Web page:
Errata list for Data Compression: The Complete Reference, 4th Edition

Last Updated 1 June 2014 Error found by Cosmin Truta Page 827, Line -1, Section 7.15 (AAC). The file extensions used by iTunes and iTunes Music Store are mentioned as "m4a and m4v". These should be changed to "m4a and m4p". Specifically, the extensions used by iTunes are m4a (unprotected audio, used when compressing user's CDs, but not sold on the iTunes Music Store) and m4p (protected audio, sold on the iTunes Music Store). The 3rd format is indeed m4v, but that's for video. Another file extension, mp4, is understood by the iTunes software as generic MPEG-4 (audio, video or both), but when creating files, specific file extensions (m4a or m4v) are being used. ------- Errors found by Derong Bao Page 44, Tables 1.18 and 1.19, The text 0101=6 on the top rows of these tables should be 0110=6. (24Apr09) Page 212, Table 3.25 (LZAP Example) should be changed to: yabbadabbadabbadoo 1 y y � 2 a a 256-ya 3 b b 257-ab 4 b b 258-bb 5 a a 259-ba 6 d d 260-ad 7 ab ab 261-da, 262-dab 8 ba ba 263-abb, 264-abba 9 dab dab 265-bad, 266-bada, 267-badab 10 bad bad 268-dabb, 269-dabba, 270-dabbad 11 o o 271-bado 12 o o 272-oo -------- Errors found by Roberto Mantaci (these were too late to correct in the 5th edition of the book). Page 27, line 23. Each pair is either an actual 16-bit measurement ... or two 8-bit signed differences. Thus .... differences can be between 0 and +/-127". Section 1.4.1 is really useful only for monochromatic images. It's hard to see how the compression of a color image can benefit from the type of run merging proposed in this section. Page 84, line 6: "It does not take much to realize that the symbols have to have probability p_1=a," should be changed to "A possible set of probabilities for the symbols is $p_1=a$,..." Page 75 last 3 lines and page 76, first 3 lines: I feel that there is a need for a more rigorous algorithm to determine the Huffman tree with minimum variance. Here is what I've been able to locate so far: 1. A set of lecture notes (available in pdf here): CS 493: Algorithms for Massive Data Sets Huffman and Arithmetic Coding DATE : Thursday, 2/7/2002 Scribe: Chi Zhang Where the author says the following about our question: "This is achieved by an extension to the Huffman algorithm. When combining trees, break ties by picking the earliest produced subtrees with same smallest probability." (RM : This rule would indeed combine first a_2 and a_3 in your example, and I think it is very easy to accomplish. It suffices that the sifting of the heap does not let younger nodes move in front of older nodes of same weight in the priority queue.) However, he asks an interesting question : "Question: Is this equivalent to breaking ties by picking "shortest" subtrees (for some appropriate definition of shortest) ?" 2. On wikipedia ( the question is answered in the last paragraph of the following quote (but the source is unclear) : "If the symbols are sorted by probability, there is a linear-time (O(n)) method to create a Huffman tree using two queues, the first one containing the initial weights (along with pointers to the associated leaves), and combined weights (along with pointers to the trees) being put in the back of the second queue. This assures that the lowest weight is always kept at the front of one of the two queues:

• Start with as many leaves as there are symbols.

• Enqueue all leaf nodes into the first queue (by probability in increasing order so that the least likely item is in the head of the queue).

• While there is more than one node in the queues:

• Dequeue the two nodes with the lowest weight by examining the fronts of both queues.

• Create a new internal node, with the two just-removed nodes as children (either node can be either child) and the sum of their weights as the new weight.

• Enqueue the new node into the rear of the second queue.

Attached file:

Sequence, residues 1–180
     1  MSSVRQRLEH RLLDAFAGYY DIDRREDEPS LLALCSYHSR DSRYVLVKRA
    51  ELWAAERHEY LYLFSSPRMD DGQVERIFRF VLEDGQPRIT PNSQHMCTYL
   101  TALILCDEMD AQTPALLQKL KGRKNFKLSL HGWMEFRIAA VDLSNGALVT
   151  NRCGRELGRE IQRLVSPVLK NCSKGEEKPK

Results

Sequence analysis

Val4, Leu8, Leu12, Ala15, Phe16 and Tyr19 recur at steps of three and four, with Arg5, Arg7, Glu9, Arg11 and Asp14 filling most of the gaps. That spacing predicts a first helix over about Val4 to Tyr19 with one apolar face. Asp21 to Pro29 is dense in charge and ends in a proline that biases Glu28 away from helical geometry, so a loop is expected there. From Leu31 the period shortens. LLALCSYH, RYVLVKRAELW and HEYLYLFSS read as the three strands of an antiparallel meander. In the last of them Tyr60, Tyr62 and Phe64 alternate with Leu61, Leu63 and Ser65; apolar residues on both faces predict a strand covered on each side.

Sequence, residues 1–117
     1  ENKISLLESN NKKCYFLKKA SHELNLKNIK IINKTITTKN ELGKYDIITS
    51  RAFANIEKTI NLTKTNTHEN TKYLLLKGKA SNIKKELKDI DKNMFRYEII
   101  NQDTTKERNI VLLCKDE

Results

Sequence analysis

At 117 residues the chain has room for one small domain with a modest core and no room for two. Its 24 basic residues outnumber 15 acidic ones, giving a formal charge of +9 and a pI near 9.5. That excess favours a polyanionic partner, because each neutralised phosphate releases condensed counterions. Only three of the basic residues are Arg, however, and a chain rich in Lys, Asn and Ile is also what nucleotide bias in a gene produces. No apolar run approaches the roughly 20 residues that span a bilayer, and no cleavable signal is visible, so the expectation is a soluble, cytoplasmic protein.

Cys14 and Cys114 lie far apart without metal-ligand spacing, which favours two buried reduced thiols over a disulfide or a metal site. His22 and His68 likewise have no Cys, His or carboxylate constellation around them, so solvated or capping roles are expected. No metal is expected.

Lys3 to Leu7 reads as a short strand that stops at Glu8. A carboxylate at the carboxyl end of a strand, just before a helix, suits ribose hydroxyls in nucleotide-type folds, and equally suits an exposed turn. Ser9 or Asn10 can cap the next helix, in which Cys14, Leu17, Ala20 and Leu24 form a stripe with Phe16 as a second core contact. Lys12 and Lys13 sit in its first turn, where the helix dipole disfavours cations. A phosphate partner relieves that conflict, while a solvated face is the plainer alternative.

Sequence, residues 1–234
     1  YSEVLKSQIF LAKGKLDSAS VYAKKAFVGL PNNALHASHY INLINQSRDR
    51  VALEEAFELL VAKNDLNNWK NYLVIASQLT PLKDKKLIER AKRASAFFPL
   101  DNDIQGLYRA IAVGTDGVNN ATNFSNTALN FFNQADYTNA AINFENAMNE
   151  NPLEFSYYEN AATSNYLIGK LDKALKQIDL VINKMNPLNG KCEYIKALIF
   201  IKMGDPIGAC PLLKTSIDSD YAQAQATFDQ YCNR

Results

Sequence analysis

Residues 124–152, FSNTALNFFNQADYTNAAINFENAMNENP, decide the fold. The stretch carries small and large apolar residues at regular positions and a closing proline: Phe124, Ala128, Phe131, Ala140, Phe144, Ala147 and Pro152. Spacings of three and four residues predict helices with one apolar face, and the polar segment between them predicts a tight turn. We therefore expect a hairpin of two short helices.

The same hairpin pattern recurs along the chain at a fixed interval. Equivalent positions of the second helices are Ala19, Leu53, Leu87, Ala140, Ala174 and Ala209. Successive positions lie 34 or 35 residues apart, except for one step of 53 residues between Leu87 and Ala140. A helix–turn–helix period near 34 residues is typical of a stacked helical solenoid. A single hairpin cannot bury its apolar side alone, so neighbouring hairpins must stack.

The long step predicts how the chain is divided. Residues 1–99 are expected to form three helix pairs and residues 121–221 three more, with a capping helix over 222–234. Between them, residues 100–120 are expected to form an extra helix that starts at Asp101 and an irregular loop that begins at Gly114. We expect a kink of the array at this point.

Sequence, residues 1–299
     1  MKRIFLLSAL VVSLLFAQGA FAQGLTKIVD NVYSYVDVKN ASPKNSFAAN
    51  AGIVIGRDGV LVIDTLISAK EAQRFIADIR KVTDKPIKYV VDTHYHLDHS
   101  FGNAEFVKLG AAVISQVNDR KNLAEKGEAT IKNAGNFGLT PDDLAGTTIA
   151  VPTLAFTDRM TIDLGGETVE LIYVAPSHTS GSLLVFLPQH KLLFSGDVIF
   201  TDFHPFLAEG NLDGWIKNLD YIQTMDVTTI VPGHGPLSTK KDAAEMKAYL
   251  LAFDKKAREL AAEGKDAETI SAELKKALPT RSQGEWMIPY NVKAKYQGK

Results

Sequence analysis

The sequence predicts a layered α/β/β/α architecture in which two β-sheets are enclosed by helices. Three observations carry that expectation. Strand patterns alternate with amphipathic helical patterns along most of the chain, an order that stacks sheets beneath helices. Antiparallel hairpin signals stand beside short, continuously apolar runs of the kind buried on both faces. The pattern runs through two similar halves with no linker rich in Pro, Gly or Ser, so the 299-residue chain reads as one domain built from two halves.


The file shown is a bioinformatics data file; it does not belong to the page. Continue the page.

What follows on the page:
• The remaining node is the root node; the tree has now been generated. It is generally beneficial to minimize the variance of codeword length. For example, a communication buffer receiving Huffman-encoded data may need to be larger to deal with especially long symbols if the tree is especially unbalanced. To minimize variance, simply break ties between queues by choosing the item in the first queue. This modification will retain the mathematical optimality of the Huffman coding while both minimizing variance and minimizing the length of the longest character code." (RM : This rule would also combine first a_2 and a_3 in your example). 3. Then there is the paper "Minimum Variance Huffman Codes," SIAM J. Comput. 11(1): 138-148 (1982), by Lawrence T. Kou. I haven't been able to obtain the actual paper, but there is an abstract at: Abstract Huffman's well-known coding method constructs a minimum redundancy code which minimizes the expected value of the word length. In this paper, we characterize the minimum redundancy code with the minimum variance of the word length. An algorithm is given to construct such a code. It isshown that the code is in a certain sense unique. Furthermore, the code is also shown to have a strong property in that it minimizes a general class of functions of the minimum redundancy codes as long as the functions are nondecreasing with respect to the path lengths from the root to the internal nodes of the corresponding decoding trees. �1982 (Copyright) Society for Industrial and Applied Mathematics" Readers are invited to send responses to Roberto Mantaci and David Salomon. -------- Error found by Raphaël Lemoine (this was also too late to correct in the 5th edition of the book). Page 531, lines 1--2. ``any periodic function can be expressed as a...'' should be ``almost any periodic function can be expressed as a....'' -------- (May 2010): Error found by Bernd Herd. Page 176, line -13. The book claims that I proposed the LZH idea. While I would be proud if I had, I have only worked a lot with the lha packer developed by Haruyasu Yoshizaki around 1990, especially I used it for quite a while to develop setup programs for windows applications and a phonebook database CD. The file format used by LHA is called LZH. It uses the combination of LZ and Huffmann coding. I have never cared a lot about the details. Take a look at "" for more information: -------- (Apr 2011): Error found by Frédéric Kayser. Page 238, line -5. "This table has codes 0--256 for..." should be "This table has codes 0--255 for..." -------- (Nov 2011): Errors found by Rolf-Rainer Grigat. Page 123, last line of subsection 2.14.2 Underflow. An output of 4 should be filled with nines and a 5 should be filled with zeros (or perhaps 4 and 5 should be swapped). Page 124, entropy versus information. In the third and fourth paragraphs, the term "entropy" should be replaced by "information", because this is not the average information of the source model but just the information content of one possible event, calculated by the logarithm. Page 124, sixth paragraph. The proposed 19-bit number is too short. If it is filled with all 0 on the right, the resulting number is smaller than Low, i.e. outside the coded interval. At least two additional 1 bits are required. The interval related to 111111101001111110011 (compared to 1111111010011111100) is completely contained between Low and High. This 21-bit number is the nearest higher integer for the information 20.0249 bits/symbol. Therefore your explanation by limited accuracy of Table 2.52 can be removed. -------- (Dec 2012): Error found by Rayne Olivetti. Page 75, line -13. "It turns out that the arbitrary decisions made in constructing the Huffman tree affect the individual codes but not the average size of the code." However, this doesn't seem to be correct in some cases. Here is one example case: However, even in that case, the rule "The rule is: When there are more than two smallest-probability nodes, select the ones that are lowest and highest in the tree and combine them. This will combine symbols of low probability with ones of high probability, thereby reducing the total variance of the code" seems to hold. ------------ (Jun 2013): Errors found by Richard Llewelyn. A number of errors found on pages 303, 535, and 537 (Fig 5.5). For a detailed description of these please download the small PDF file found here. ------------ (Apr 2014): Error found by Seetha Rama Raju sanapala. Page 5, line -4. "In such text, each letter occurs with equal probability so assigning them fixed-size codes does not add any redundancy." But I feel that suppose you have 20 source outputs with equal probability and you use necessarily 5 bit code, then you have redundancy which can be removed by using variable length code. ------------ (May 2014): Error found by Carlos Fajardo. Page 51, line -15. [Redundancy] It is defined as the difference between a symbol set�s largest possible entropy and its actual entropy. I think that the entropy is constant for a given dataset and the "set's largest possible entropy" (Log2(n)) is a constant too, so, Is the redundancy a constant?. I don't think so. However, at the beginning of section 2.2 you suggest that the redundancy is the current number of bits per symbol used to represent the dataset minus the dataset entropy. I agree with the last definition. ------------ The most valuable thing you can make is a mistake - you can't learn anything from being perfect. -Adam Osborne. American entrepreneur, 1939-2003